3. Ludwig Mies Van Der Rohe (1886-1969) - Regarded as one of the pioneers of modern architecture, Mies was a German architect who moved to the United States in 1938. Mies began creating in his father’s stone carving shop in his hometown Aachen, Germany. He rose to great fame in Germany and eventually became the last director of the famed Bauhaus. However, after Nazi occupation, Mies emigrated to the United States in 1937. Soon, Mies accepted a position at the Illinois Institute of Technology, where he was commissioned to design the majority of the campus buildings; including Alumni Hall, the Chapel, and the S.R. Crown Hall. The S.R. Crown Hall is considered his crowning accomplishment and a true symbol of his design, which emphasized enclosing open and adaptable "universal" spaces with clearly arranged structural frameworks. During his time in the U.S., Mies also designed the residential towers of 860–880 Lake Shore Dr, the Chicago Federal Center complex, the Farnsworth House, and the Seagram Building in New York.
4. I. M. Pei (1917 - ) - Born in Guangzhou, China, I.M. Pei immigrated to the U.S. in 1935 to attend the University of Pennsylvania. He soon transferred to MIT and graduated with an architecture degree in 1940. Bored with the Beaux-Arts at both schools, Pei longed for access to a more International style. His wish was granted when Swiss-French architect Charles-Édouard Jeanneret-Gris (“Le Corbusier”) visited MIT in 1935 and spent two days with Pei. Pei described this time as, "the two days with Le Corbusier, or 'Corbu' as we used to call him, were probably the most important days in my architectural education." Although Pei didn’t see his work come to life immediately, he eventually saw an explosion in his popularity with the corporate building for Gulf Oil, Roosevelt Field Shopping Mall, 16th Street Mall, Kips Bay Towers, Society Hill Towers, Green Building, Mesa Laboratory, S. I. Newhouse School of Public Communications at Syracuse University, the Sundrome terminal at John F. Kennedy International Airport in New York City, and dormitories at New College of Florida. Probably his most famous work in the United States, the John F. Kennedy Presidential Library and Museum was completed in 1979 and Pei was handpicked by Jackie Kennedy, herself. Eventually, Pei would go on to design some of the most famous and iconic buildings in the world, including the Louvre’s pyramid. To this day, Pei has won countless awards, including the Arnold Brunner Award from the National Institute of Arts and Letters (1963), the Gold Medal for Architecture from the American Academy of Arts and Letters (1979), the AIA Gold Medal (1979), the first Praemium Imperiale for Architecture from the Japan Art Association (1989), the Lifetime Achievement Award from the Cooper-Hewitt, National Design Museum, and the 2010 Royal Gold Medal from the Royal Institute of British Architects. In 1983 he was awarded the Pritzker Prize, sometimes called the Nobel Prize of architecture.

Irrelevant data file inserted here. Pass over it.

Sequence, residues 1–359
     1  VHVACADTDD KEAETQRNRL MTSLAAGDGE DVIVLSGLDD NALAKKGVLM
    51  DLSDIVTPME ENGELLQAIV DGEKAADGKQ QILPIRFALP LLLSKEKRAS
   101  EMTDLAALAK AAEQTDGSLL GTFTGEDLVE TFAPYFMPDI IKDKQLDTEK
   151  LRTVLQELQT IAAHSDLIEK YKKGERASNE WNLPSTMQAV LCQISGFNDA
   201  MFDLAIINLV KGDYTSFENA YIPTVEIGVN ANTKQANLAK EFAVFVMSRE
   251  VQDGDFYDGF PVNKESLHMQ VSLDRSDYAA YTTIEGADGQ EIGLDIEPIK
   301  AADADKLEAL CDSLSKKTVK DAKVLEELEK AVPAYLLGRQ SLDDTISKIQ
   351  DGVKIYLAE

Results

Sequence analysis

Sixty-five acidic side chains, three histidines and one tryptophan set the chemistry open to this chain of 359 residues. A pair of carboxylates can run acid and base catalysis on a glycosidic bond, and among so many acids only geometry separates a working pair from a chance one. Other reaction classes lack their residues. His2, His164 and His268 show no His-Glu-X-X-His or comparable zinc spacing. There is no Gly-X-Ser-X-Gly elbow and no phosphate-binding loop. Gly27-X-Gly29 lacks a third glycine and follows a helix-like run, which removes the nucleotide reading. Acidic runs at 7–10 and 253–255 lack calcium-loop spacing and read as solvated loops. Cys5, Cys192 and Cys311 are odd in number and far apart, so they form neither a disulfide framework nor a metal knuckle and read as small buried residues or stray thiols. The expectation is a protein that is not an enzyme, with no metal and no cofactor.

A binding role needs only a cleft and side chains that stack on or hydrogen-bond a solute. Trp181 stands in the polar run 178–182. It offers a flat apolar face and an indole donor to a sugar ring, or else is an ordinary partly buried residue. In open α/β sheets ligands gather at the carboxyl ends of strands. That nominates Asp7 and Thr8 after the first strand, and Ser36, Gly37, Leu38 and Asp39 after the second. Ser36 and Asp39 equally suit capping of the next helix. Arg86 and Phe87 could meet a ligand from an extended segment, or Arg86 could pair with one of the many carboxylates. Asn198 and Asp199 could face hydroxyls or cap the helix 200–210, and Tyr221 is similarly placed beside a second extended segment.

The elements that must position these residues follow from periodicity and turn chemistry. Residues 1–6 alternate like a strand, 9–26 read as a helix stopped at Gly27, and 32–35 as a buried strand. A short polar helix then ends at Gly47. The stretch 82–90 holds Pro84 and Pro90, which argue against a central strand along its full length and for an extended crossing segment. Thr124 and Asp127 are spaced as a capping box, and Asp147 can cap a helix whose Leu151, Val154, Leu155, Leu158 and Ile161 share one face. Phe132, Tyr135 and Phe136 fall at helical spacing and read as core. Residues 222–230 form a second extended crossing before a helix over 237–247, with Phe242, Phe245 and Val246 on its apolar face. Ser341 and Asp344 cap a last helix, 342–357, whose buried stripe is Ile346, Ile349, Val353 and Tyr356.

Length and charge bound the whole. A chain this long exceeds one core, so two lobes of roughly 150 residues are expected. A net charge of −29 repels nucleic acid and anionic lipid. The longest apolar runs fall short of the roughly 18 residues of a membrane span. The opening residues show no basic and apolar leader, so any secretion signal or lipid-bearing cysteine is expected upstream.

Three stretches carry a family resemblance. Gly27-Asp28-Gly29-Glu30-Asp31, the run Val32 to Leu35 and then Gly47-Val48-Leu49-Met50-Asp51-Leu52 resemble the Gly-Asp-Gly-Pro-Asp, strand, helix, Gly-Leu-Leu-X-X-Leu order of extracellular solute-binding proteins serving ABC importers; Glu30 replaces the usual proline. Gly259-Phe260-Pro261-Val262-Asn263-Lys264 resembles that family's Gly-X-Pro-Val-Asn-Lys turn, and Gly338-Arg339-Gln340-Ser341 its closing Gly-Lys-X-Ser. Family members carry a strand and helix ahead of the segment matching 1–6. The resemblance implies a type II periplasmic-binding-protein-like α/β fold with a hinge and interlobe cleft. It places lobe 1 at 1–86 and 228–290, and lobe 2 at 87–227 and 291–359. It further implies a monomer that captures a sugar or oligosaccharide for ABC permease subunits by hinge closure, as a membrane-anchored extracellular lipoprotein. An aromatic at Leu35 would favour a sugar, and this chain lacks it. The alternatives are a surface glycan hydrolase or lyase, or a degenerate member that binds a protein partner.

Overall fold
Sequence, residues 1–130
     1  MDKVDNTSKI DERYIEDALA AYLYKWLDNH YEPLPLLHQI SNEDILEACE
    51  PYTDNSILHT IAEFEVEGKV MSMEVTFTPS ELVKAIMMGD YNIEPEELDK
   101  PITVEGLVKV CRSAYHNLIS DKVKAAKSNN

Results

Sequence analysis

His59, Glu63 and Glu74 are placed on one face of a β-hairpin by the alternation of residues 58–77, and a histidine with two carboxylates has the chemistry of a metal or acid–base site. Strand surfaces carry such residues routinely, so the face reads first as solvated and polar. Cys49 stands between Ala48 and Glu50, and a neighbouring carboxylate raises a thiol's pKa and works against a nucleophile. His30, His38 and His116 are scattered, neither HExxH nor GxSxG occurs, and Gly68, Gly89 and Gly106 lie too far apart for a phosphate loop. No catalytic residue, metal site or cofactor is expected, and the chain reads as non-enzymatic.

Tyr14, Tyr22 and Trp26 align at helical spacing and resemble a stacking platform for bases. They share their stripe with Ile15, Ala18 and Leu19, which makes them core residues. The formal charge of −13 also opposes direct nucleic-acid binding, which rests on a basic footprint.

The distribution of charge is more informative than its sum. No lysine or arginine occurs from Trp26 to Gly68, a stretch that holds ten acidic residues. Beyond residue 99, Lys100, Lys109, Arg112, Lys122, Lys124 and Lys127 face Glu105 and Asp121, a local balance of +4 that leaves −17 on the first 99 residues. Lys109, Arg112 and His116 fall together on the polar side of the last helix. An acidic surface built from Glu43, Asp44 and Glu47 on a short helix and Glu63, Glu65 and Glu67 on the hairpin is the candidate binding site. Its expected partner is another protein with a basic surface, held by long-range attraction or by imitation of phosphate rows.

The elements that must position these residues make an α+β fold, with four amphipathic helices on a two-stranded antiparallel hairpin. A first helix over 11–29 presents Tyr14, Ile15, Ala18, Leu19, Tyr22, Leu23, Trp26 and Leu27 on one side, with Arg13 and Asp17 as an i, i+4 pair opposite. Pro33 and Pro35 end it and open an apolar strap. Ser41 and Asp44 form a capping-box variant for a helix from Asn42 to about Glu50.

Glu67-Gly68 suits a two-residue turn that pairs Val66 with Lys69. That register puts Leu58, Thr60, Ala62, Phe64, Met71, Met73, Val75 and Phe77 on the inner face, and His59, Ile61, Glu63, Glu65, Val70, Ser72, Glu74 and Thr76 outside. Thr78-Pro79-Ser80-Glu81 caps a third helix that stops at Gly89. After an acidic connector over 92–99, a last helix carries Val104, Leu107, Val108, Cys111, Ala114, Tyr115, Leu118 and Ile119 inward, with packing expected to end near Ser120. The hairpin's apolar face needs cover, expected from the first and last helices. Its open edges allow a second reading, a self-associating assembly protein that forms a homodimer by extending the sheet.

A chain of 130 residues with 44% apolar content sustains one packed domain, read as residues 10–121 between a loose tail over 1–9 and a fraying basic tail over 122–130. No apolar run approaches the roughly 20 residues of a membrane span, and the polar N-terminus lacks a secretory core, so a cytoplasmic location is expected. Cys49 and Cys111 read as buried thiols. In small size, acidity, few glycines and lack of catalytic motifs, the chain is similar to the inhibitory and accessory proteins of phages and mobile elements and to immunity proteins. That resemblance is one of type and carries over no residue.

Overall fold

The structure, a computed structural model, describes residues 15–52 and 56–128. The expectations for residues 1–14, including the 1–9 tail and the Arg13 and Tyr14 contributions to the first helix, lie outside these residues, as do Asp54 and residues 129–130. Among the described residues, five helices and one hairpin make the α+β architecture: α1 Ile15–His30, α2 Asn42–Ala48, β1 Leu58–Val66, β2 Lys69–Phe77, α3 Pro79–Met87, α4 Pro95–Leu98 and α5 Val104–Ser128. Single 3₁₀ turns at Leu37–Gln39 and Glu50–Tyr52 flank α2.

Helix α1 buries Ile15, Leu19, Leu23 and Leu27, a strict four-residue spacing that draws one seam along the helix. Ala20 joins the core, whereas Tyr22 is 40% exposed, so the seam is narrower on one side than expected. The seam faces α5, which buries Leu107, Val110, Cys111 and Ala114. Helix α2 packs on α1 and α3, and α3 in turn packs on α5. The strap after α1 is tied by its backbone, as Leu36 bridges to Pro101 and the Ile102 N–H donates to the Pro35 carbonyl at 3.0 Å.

The list above includes just a handful of the thousands of artists around the world, who have sought refuge in the creative bosom of the United States. Whether they were born here or in another country, we salute artists, designers, architects and all creators’ contributions to the American landscape.